“We know from our insights that when digital brands do an offline activation, it resonates with consumers” said Ashley Parrish, Editor-in-Chief of DailyCandy to WWD.
The assortment, which includes a Ryan McGinness To-Do Calendar and beach towels by Cecily Brown, will be offered in-store and online at standardhotels.myshopify.com through December 31st.

While a Maison Martin Margiela-Ligne 13 Claustrophobic notebook is certainly unique, we’re particularly intrigued at how the brand is banking on cross-pollination from locals and travelers in a hotel setting to push sales.

Act Three: A collective approach to the Darkest Days
30+ emerging designers, creatives, and artisans joined forces this past weekend in Seattle for Brite Collective’s Blak Designmart Pop-up at Caffe Vita’s Bean Room in Seattle.
 
 
The event, which felt more like a old-school warehouse pop-up in 2006 than the manicured and excessively sponsored upmarket versions of today, mixed limited edition black-themed merchandise (representative of the cities darkest days) with freestanding branded stalls featuring products outside the motif.
 
We love shopping local and appreciate the refreshing spin on the weeks leading up to the winter solstice.
 
Act Four: Socially-minded menswear in Williamsburg
Nomad Market, features classic men's clothing and accessories manufactured in collaboration with local craftspeople around the world on the second floor of Hickoree's Floor Two in Brooklyn. The latest in a series of socially-minded pop-ups from Apolis launched mid-November and will run through the end of December.
 
{Photo: Apolis Global}
 
The traveling installation includes photo and video essays from the communities with which Apolis Global co-created to see how futures are impacted by each item. They brand calls the hand-on model “advocacy through industry.”
 
We love how brands are targeting customers and profits using philanthropic causes to better the retailing industry. Isn’t that what the spirit of Christmas is all about? 
 
Bona Drag Mixtape
 
One of the best parts of shopping online with Bona Drag is the mixtape available with purchases over $25. The compilation rotates seasonally, every six months, “introducing new ideas” through the parallels of music and fashion. Past editions have included emerging and established musicians — with songs by Beach House, Lissy Trullie, The Black Keys, and Family Band.
 
The concept of creating a dialogue between your eyes and ears is also being embraced in Portugal by a gourmet sandwich shop that delivers food with a song handpicked by the chef.  According to Springwise, each of the seven “Soundwiches” come with a musical tin to create the perfect ambience for eating lunch.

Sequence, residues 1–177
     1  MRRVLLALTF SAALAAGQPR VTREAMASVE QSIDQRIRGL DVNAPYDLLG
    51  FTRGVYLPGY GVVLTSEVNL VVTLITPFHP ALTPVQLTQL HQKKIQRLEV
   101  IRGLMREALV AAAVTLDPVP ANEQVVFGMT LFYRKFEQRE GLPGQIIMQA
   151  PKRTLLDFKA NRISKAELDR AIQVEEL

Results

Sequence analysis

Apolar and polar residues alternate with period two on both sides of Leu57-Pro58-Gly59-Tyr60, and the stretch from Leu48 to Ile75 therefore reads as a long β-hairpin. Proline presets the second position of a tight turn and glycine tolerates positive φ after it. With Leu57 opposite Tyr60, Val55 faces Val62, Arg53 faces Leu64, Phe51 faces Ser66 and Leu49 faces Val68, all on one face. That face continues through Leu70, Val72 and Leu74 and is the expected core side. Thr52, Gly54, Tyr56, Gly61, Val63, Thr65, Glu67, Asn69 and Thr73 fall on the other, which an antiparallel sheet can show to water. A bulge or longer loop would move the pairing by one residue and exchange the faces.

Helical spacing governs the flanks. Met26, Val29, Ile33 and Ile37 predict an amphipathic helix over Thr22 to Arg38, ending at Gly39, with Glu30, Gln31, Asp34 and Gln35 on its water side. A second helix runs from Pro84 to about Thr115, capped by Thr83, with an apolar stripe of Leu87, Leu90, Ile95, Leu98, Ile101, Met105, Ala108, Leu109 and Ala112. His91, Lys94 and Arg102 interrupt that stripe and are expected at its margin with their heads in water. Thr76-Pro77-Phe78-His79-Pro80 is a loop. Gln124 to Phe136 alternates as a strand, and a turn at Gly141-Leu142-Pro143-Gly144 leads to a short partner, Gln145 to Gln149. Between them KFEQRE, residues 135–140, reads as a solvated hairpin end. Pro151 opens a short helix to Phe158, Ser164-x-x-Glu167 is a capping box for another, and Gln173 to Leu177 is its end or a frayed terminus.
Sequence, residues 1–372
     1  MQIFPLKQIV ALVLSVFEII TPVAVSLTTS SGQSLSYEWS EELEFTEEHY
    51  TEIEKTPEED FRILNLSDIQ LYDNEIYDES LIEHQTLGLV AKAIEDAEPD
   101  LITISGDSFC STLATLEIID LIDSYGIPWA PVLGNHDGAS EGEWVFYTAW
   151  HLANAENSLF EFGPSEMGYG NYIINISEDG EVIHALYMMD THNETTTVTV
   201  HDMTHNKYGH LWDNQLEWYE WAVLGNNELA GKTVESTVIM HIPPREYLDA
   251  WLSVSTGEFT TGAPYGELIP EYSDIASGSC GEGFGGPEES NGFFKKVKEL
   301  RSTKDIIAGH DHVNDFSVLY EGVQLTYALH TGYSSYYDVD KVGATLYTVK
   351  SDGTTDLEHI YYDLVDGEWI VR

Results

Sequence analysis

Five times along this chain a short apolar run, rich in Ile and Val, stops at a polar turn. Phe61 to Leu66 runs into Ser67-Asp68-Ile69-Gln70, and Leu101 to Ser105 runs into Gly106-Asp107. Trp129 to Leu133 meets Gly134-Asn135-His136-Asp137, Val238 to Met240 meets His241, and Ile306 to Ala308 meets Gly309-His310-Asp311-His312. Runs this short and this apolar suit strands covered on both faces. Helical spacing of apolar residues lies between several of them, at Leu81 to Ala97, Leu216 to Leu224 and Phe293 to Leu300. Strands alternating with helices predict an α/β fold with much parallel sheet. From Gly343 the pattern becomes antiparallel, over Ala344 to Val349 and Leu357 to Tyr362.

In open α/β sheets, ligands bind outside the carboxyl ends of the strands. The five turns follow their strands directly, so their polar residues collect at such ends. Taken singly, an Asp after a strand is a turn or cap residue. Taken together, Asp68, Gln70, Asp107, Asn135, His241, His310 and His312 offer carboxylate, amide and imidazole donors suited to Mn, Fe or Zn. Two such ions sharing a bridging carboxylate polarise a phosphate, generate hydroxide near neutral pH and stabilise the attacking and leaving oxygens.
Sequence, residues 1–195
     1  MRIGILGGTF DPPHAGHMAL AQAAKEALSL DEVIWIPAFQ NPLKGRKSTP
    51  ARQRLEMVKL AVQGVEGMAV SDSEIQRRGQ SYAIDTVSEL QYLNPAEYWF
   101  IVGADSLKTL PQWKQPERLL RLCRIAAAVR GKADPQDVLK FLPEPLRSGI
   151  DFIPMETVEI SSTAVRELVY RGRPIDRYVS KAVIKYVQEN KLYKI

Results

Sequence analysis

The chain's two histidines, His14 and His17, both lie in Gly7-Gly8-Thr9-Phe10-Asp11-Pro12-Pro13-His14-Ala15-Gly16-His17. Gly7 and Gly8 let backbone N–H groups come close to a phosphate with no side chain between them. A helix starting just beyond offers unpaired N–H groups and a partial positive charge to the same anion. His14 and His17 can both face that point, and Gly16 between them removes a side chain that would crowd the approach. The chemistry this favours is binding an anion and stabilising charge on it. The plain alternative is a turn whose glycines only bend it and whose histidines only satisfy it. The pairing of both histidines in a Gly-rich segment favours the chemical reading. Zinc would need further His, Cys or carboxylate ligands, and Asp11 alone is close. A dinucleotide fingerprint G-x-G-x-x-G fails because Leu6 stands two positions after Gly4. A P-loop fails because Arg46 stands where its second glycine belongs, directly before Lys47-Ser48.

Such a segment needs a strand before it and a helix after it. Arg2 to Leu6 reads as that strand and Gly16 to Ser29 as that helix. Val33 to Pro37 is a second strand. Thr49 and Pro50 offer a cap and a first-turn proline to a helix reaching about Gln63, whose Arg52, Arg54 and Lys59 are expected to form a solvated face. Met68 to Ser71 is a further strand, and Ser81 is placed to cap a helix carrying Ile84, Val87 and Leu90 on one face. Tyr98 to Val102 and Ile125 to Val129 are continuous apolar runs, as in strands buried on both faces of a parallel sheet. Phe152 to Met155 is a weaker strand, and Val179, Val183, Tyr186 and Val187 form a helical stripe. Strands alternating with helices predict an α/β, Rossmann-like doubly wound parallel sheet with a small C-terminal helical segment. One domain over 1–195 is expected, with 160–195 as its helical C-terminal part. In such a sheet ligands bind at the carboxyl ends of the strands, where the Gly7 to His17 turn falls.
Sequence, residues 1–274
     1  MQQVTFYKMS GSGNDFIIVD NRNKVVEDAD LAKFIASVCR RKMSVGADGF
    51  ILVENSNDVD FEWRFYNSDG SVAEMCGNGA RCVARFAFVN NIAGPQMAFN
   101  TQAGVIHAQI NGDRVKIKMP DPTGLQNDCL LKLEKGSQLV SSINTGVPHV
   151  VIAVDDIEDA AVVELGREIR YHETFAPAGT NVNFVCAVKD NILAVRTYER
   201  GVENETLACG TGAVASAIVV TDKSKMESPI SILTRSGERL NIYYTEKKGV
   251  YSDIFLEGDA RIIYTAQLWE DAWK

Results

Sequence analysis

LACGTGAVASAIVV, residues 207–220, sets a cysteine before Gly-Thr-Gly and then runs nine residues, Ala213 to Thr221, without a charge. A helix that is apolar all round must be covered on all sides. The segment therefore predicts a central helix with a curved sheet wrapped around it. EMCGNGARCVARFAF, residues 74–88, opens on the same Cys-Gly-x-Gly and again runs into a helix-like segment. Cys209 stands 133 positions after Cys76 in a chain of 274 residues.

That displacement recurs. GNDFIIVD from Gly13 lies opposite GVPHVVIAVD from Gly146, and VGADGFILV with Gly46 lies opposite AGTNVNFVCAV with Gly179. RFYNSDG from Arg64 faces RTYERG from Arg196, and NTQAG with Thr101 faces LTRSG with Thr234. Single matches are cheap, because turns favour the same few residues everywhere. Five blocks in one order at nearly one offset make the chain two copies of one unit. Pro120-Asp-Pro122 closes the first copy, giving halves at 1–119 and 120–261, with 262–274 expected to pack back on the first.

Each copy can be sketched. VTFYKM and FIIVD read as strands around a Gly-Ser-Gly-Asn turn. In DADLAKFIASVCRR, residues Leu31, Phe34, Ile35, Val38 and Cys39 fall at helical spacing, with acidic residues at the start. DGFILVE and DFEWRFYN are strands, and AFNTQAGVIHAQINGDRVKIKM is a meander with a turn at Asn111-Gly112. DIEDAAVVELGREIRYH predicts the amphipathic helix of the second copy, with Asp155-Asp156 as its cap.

{Source: Springwise}
 
These examples show how songs can be more than a background track to the shopping experience or a SKU for impulse purchases. A “gift with purchase” is hardly a new marketing ploy, but as companies look to create a more authentic connection between brands and goods, we hope that music will become more than a seasonal theme or aspirational proposition.
 
Next year, look for the senses to become more important influencers of moods.
 
build a beer
{photo: Machine Project}
 
Here's a new spin on personalization from Machine Project in the Echo Park neighborhood of Los Angeles. 
 
The art gallery is hosting an educational, deconstruction, and consumption class/event tomorrow to explore the distinctive flavor of various beers by playing around with different extracts, oils, and other flavors to create new styles on the spot. Home brewers Andrew Hong and Nick Clute-Reinig will discuss the different ingredients to create "beer magic" or turn a boring old pale ale into an IPA in a matter of seconds.
 
This hands-on approach to food events can work in many industries with minor modifications. Machine Project has already hosted a series of classes and workshops on a variety of skills from bookbinding to welding.
 
We love this new take on informal education – which combines DIY with storefront retail as a 501c3 non-profit corporation.
 
 
Sixteen days on the road in eight cities. Here are our top five dishes...
 
 
1. Whole wheat rigatoni cacio e pepe from Superba Snack Bar in Los Angeles, CA. We've had this dish in Rome (our #1) and at Babbo (LA) and Lupa (NYC), but this preparation would make Mario Batali melt. Thanks JK of Sqirl for the recommendation.
 

La Super Rica
 
2. Item #16, "The Super Rica," (rajas with marinated pork) at La Super Rica in Santa Barbara, CA. Locals may debate the finer points of Santa Barbara's taco scene, but we trust Julia Child over Yelp. Homemade tortillas to order — you just can't go wrong.
 
3. The breaded black cod at Wild FIsh in Little River, CA. Simply prepared Northern California Coastal cuisine from this postage-stamp size restaurant just south of Mendocino. (sorry, no photo)
 
Parks BBQ
 
4. Chilled beef noodle soup with cucumbers at Park's BBQ in Los Angeles, CA. Park's is definitely not the least expensive spot to eat amazing Korean food in LA but, the quality is exceptional. The galbi was outstanding, too, but the soup was such a pleasant treat on a 100 degree day.
 
 
5. A salad of escarole, sunchokes, preserved lemon, smoked almonds, and parmesan from Gjelina in Los Angeles, CA was enjoyed on the hood of our car from GTA on another exceptionally warm day.
 
1205 Local
Local 1205
 
Effortlessly, without the use of subway tile or metro-racks, you can tell that Local 1205 has a New York influence — without an olive oil sampling table or menacing tower of coffee beans in burlap bags. Let's face it, we've all seen plenty of knock-off Dean & DeLuca's in the specialty grocery market, and it was time for someone to give shoppers something new.
 
Craig Weiss' micro-mart concept is rustic and industrial enough to let the gourmet foods, local produce, East-Coast style deli, and raw bar shine.
 
local 1205